As befitting its name, the Eurocargo’s distinctly European styling sets it apart from the predominantly Japanese competition in its class. But this truck’s beauty is more than skin deep. Among the reasons the Eurocargo won the 2016 International Truck of the Year Award are its advanced efficiency and safety features, some of which have only been offered in trucks at the heavier end of the scale – in Australia at least.
To test the features, Prime Mover drove the Iveco Eurocargo on a 900km tour of the Hume Highway between Melbourne and Sydney. To ensure that the driving experience is realistic, our test vehicle’s curtain-sider body is loaded up with some “important cargo”, read: concrete blocks, providing 5,658kg on the front axle and 8,070kg on the drive – a total of 13,728kg.
The Eurocargo handles the weight with ease, though. The 6.7-litre Tector 7 engine is currently available in two power ratings, developing 250hp (185kW) and 627 ft/lb (850Nm) in ML120 models, and 280hp (206kW) and 738 ft/lb (1,000Nm) in ML160 and ML180 models.
The Euro VI Eurocargo’s 6.7 litre Tector 7 engine has an increased capacity over the one found in Euro V examples (up from 5.9 litres). In order to meet the more stringent Euro VI emissions standards, the new engines use Iveco’s latest ‘HI-SCR’ system, which involves a single AdBlue after-treatment application combined with a passive no-maintenance DPF (Diesel Particulate Filter).
The Selective Catalytic Reduction (SCR) process has a number of advantages over exhaust gas recirculation (EGR) including reducing the need for a larger cooling system, which lowers the tare weight especially over the front axle, adding the twin benefits of marginally increasing payload capacity and reducing fuel consumption. The Iveco HI-SCR system uses fewer components than EGR or EGR/SCR hybrid systems and provides increased simplicity and Iveco claims the DPF does not require driver activated ‘regeneration’. Another benefit of getting away from EGR is the greatly extended oil change intervals of up to 80,000km (depending upon the application), which can further reduce the total cost of ownership.
The Tector 7 engines specify low viscosity oils, which reduce friction for even more improved efficiency. Another new fuel efficiency feature is an electronically controlled, two-speed electromagnetic engine fan that is automatically engaged or disengaged according to cooling requirements and is something else that cuts noise.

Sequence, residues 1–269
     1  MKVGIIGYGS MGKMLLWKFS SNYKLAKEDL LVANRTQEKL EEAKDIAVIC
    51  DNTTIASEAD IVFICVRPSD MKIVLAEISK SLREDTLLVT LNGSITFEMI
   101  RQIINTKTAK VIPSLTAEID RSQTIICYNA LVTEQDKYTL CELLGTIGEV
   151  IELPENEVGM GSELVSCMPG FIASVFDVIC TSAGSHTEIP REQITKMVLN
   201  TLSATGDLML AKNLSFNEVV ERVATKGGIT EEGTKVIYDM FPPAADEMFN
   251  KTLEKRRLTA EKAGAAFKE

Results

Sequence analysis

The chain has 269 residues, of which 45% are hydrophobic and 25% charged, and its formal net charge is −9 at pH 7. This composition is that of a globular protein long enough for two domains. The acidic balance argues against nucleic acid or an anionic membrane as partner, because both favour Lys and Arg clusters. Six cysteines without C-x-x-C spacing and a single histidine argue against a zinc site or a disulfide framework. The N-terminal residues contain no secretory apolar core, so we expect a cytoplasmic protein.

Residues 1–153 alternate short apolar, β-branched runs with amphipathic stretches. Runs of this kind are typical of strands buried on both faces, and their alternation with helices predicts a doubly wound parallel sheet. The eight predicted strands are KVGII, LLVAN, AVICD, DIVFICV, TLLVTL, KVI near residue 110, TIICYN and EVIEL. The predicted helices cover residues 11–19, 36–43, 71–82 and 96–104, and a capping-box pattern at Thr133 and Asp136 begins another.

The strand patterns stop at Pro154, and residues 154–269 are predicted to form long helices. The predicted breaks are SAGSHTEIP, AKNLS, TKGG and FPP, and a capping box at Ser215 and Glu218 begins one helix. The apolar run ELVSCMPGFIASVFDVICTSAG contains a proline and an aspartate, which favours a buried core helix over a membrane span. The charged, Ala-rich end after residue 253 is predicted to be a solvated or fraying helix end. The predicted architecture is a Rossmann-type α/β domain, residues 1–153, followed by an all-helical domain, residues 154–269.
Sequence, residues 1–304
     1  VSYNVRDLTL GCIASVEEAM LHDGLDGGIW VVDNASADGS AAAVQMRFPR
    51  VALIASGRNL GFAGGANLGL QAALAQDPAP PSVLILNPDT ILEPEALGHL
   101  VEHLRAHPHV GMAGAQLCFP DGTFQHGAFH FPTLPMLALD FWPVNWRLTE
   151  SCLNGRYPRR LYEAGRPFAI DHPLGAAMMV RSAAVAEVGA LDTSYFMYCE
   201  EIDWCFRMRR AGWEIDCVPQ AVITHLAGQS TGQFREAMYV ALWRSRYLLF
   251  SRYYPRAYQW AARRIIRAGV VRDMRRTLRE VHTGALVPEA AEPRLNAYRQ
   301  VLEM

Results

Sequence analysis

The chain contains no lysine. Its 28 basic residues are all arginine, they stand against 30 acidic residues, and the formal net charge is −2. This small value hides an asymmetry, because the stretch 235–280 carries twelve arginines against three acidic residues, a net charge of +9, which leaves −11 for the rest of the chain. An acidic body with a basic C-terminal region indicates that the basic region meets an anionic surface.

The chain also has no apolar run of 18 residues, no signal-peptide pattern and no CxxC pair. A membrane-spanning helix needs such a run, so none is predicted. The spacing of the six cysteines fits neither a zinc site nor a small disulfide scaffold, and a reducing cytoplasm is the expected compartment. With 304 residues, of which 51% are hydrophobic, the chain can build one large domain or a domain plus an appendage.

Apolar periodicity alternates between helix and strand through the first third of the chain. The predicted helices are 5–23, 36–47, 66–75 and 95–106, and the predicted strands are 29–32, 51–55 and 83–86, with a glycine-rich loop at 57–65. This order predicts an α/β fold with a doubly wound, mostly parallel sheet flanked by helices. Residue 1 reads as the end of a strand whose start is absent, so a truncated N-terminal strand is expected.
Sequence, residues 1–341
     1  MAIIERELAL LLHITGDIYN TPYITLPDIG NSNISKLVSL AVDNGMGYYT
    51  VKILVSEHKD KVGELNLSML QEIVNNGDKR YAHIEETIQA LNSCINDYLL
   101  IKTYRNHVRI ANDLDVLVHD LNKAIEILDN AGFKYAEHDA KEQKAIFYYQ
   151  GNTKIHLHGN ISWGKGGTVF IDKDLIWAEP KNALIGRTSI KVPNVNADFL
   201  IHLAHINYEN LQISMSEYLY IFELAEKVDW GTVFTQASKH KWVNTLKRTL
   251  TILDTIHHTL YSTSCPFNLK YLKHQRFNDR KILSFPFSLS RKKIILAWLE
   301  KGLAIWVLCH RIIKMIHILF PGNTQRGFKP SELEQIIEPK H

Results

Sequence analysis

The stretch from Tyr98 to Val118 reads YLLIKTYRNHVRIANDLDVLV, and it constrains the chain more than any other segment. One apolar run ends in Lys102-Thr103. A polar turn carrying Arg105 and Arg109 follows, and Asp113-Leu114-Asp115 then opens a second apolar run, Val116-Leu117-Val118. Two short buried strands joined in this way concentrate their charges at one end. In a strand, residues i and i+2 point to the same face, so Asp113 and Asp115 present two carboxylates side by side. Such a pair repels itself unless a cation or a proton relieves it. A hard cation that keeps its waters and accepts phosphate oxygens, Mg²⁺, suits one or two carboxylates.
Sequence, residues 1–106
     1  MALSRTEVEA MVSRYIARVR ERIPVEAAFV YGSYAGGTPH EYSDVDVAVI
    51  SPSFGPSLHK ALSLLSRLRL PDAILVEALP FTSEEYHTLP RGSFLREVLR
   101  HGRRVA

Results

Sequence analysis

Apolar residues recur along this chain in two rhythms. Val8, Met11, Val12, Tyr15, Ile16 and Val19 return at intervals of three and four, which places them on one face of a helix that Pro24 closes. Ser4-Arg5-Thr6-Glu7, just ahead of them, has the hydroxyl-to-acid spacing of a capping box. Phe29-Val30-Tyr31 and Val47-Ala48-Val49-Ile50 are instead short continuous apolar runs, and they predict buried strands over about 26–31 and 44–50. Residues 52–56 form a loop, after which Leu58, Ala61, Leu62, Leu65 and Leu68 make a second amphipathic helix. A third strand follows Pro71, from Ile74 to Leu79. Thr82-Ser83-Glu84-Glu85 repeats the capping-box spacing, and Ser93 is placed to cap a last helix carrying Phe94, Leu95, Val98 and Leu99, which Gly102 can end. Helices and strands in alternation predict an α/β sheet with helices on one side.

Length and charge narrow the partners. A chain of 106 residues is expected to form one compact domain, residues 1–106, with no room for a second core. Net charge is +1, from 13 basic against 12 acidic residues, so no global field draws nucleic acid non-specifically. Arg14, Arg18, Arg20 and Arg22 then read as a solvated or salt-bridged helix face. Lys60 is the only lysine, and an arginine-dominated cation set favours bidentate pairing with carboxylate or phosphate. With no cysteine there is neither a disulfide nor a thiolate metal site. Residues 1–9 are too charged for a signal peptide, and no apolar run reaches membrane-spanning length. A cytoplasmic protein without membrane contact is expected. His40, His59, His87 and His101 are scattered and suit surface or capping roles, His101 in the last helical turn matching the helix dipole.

Wind noise is reduced by the redesigned cab panels, which also improve the aerodynamics thanks to revised front air deflectors that channel air around the front corners of the cab, and there is no external sun visor to upset airflow. The internal ‘sun filter’ is effective except when driving directly into the sun when it is low on the horizon. The smoother look results in the Eurocargo presenting a quite stylish and non-aggressive appearance that helps cheat the wind and save fuel, if we accept the formula that at highway speeds a two per cent improvement in aerodynamics can deliver a one per cent reduction in fuel consumption.
Due to initial concerns that the standard 280-litre fuel tank would be sufficient for the trip, we make a pit stop at Marulan to be sure that we have enough fuel to cover the final 150km to Western Sydney. In the final analysis we need not have worried as the 888km trip used a total of 225 litres. Keeping in mind, Prime Mover test drives aren’t necessarily aiming to maximise economy, rather we put a truck through various driving situations that may not be conducive to frugal fuel economy. The average for the trip was 3.95km/litre, with the Eurocargo delivering between 3.32km/litre on its journey across Melbourne in quite heavy traffic to a best of 4.74km/litre on the mostly gentle downhill run from Marulan.
The driver and passengers in the Eurocargo are kept comfy on the trip as both the driver and passenger seats are air suspended ISRIs and have a durable cloth finish and integrated seat belts. Most of the interior is trimmed in a dark grey material, with the main dash featuring a charcoal surface. Some of the switches located in the centre of the dash, including climate control, are a bit of a stretch but they are the ones seldom used and the controls that matter are readily located on steering column stalks or on the steering wheel itself.